A Pesca de Emalhe e de Espinhel de Superfície na Região Sudeste-Sul do Brasil

Publisher: Série Documentos Revizee, ISBN: 85-98729-14-0

ABSTRACT Drifters operated from Itajaí-Navegantes (Santa Catarina State) and Ubatuba (São
Paulo State),between 1993 and 1997 years.Panel mesh size ranged from 12 to 40 cm
(opposite knots, streched) and net length from 1.130 m to 7.560 m.Hammerheads
(mainly Sphyrna lewini, Griffith & Smith, 1834) were the target species , due to its
highly valuable fins in the international market. They represented 77,8% and
28,5% of the total driftnet landings in Itajaí-Navegantes and Ubatuba respectively.
In 1995, the high fishing effort applied by drifters from Itajaí and Navegantes
(72 .216 km of net length estimated), plus the patchy distribution of the adult
hammerheads during the reproductive season, led to a steep yield decline the
following years.

The monofilament longline fishery, based in Itajaí and Navegantes (Santa
Catarina State, Brazil) was described, focusing on sharks and finning. Between
2000 and 2002 years, sharks represented more than 50% of the total longline
landings in Santa Catarina State, being the carcasses for domestic market and fins
exported to Asia. Steel wires used at the gangions are the main responsible for the
high shark rate capture. The blue shark (Prionace glauca), is the most important
species. A seasonal pattern was presented for blue sharks, hammerheads,
billfish, albacores and swordfish catches. Longline survival was high for sharks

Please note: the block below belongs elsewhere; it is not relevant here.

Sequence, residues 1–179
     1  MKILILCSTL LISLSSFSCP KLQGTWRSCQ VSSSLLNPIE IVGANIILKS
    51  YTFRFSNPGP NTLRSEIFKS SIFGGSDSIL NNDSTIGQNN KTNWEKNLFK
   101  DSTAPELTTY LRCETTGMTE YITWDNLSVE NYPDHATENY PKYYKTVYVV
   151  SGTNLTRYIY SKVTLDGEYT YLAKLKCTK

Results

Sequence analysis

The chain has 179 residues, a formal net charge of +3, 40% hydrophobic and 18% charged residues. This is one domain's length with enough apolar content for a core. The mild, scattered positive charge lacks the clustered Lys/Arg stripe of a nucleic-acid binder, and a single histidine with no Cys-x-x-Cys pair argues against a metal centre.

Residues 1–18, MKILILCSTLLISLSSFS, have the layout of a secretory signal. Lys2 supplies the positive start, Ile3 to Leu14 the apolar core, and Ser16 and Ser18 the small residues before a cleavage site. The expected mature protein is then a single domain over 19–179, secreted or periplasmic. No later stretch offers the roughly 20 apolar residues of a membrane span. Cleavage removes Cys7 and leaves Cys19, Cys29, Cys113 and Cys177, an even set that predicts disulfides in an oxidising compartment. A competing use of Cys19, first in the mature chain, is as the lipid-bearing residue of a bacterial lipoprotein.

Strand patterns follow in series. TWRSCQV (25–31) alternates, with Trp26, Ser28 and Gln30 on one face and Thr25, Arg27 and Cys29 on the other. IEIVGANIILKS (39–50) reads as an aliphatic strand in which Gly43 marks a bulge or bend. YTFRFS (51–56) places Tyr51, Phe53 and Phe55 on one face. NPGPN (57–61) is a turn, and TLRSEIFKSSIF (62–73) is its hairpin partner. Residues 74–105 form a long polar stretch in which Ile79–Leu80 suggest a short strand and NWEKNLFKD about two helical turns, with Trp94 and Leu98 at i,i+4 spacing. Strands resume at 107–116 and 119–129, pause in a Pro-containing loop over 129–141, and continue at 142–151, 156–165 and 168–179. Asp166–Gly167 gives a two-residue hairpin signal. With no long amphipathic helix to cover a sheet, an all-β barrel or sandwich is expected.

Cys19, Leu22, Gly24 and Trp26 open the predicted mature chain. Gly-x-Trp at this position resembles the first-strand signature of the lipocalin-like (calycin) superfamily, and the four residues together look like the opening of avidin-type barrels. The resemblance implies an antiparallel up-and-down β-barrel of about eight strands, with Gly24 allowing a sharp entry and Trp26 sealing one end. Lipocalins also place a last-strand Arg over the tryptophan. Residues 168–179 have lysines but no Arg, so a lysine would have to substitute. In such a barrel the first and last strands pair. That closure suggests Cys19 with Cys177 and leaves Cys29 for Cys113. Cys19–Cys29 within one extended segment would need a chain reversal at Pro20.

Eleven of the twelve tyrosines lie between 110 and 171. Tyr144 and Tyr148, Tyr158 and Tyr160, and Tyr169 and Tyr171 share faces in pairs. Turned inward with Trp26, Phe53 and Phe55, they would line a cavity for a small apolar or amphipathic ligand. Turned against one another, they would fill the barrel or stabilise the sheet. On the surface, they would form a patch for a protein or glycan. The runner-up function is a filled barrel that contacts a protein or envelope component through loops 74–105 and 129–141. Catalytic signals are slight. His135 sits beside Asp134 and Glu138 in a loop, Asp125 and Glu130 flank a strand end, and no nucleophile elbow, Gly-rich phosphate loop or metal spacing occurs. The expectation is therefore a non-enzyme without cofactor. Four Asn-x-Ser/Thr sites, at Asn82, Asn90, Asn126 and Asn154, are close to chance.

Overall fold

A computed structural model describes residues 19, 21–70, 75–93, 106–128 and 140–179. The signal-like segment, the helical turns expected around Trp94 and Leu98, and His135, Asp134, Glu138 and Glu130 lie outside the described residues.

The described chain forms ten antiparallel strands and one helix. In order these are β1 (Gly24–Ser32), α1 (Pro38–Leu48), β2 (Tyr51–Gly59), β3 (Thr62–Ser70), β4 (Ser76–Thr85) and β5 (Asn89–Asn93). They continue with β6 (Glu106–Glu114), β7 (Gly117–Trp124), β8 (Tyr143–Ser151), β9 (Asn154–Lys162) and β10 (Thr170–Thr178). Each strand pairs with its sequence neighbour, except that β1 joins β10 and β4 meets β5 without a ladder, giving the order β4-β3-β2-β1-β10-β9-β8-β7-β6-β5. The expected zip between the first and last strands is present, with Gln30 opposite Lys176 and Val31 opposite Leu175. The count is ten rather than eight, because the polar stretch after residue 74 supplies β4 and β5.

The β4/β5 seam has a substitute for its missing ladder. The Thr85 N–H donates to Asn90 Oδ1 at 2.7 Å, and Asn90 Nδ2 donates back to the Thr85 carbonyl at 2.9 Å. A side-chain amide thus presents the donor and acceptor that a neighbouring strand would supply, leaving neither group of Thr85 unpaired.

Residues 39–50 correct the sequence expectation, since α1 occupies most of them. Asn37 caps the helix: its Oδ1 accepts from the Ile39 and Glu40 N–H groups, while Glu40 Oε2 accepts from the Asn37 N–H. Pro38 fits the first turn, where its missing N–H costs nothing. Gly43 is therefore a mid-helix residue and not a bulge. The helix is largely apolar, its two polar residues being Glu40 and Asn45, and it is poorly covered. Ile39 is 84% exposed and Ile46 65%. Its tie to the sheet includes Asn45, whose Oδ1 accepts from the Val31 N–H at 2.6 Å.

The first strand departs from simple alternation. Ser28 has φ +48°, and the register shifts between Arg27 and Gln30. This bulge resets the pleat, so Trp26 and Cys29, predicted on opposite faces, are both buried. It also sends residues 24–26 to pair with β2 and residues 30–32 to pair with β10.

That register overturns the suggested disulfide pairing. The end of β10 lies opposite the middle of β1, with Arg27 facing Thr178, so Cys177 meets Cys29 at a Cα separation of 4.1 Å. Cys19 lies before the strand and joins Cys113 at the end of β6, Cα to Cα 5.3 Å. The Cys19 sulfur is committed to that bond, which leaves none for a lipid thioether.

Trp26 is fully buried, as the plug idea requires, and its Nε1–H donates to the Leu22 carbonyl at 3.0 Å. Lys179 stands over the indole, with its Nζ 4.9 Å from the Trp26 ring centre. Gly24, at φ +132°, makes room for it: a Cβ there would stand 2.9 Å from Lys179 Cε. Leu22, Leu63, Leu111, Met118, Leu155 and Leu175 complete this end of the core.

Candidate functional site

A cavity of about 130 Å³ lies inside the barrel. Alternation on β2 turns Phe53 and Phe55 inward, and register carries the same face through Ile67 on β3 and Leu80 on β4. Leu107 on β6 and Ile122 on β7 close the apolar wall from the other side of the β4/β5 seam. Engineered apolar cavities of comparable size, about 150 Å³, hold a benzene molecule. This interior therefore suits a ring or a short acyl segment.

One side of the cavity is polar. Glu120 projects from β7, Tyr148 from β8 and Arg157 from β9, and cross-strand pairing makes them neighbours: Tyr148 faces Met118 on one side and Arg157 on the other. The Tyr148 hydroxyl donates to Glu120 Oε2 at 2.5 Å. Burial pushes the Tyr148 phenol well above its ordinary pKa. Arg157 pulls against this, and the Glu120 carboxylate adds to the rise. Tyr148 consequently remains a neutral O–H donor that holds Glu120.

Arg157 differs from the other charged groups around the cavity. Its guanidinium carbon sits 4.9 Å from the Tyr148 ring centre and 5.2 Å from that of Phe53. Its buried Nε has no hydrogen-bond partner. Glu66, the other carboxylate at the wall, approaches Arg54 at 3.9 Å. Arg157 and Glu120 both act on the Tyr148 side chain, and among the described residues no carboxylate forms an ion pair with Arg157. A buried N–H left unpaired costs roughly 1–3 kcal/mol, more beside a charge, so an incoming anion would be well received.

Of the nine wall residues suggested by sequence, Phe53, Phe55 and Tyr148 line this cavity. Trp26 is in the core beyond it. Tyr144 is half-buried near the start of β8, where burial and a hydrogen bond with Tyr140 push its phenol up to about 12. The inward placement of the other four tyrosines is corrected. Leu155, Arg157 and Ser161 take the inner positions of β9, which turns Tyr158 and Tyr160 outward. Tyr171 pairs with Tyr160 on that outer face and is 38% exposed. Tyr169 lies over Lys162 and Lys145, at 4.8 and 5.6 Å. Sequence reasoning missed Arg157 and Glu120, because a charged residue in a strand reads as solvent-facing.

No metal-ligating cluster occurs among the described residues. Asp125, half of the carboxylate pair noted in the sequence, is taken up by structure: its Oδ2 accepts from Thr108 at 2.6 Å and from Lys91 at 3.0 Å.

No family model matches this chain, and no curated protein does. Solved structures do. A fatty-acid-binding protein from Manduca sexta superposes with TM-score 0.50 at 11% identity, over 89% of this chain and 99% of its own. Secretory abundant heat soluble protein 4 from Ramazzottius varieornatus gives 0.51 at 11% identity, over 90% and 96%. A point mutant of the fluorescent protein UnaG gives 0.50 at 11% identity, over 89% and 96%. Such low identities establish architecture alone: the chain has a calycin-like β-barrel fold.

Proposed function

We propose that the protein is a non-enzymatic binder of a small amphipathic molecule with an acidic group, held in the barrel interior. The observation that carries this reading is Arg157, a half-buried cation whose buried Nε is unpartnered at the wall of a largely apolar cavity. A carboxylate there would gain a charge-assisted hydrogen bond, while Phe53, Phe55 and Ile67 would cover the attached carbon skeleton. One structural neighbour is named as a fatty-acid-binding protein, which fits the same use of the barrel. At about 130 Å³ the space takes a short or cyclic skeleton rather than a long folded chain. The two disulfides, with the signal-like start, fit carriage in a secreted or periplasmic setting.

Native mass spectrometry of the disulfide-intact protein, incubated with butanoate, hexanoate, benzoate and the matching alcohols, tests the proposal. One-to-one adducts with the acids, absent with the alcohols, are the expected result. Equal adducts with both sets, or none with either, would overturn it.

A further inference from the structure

(more than 50%) and most of them are sacrificed aboard. Higher hammerhead
catches used to happen in the second quarter of the year.

The hammerheads catch dynamics (Sphyrna lewini and Sphyrna zygaena)
was studied through covariance analysis (ANCOVA) on longline data for the fleet
based in Itajaí and Navegantes (Santa Catarina State, Brasil). Catch and effort
observations (n � 596) were used for the period 1996-2001.Year, season, and area
effects were tested in the model, being the natural logarithm of the fishing effort
(hook number) the covariable. The adjusted means by the model showed higher
hammerhead catches during winter (related to Sphyrna zygaena), spring and
summer (related to Sphyrna lewini).There was a low variation in the hammerhead
catches between 1996 and 2001 years. An area over the continental slope,
between 200 and 3.000 m depth and limited by 30° – 35° S latitudes, yielded the
best catches. The logarithmic relationship between catch (Kg) and effort (hook
number) is linear and positive.

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    ABSTRACT: Movement patterns of scalloped hammerhead sharks in the vicinity of El Bajo Espiritu Santo, a seamount in the Gulf of California, were determined by tracking by ultrasonic telemetry 13 sharks and marking 100 sharks. The 13 tracked sharks swam back and forth along the seamount ridge throughout the day. They did not swim in different directions to reduce swimming effort when currents changed from a parallel to a perpendicular orientation to the ridge. Sharks tracked up to 8 km away into the pelagic environment soon returned to the seamount. From such trackings and repeated observations of marked sharks over periods of several weeks, it is believed that most sharks disperse and return to the seamount in a rhythmical fashion. The separate departures of individual hammerheads in five paired trackings indicated that the sharks left the seamount either in small groups or singly. For these reasons, we argue that the social system of the scalloped hammerhead shark can be described as a refuging system.
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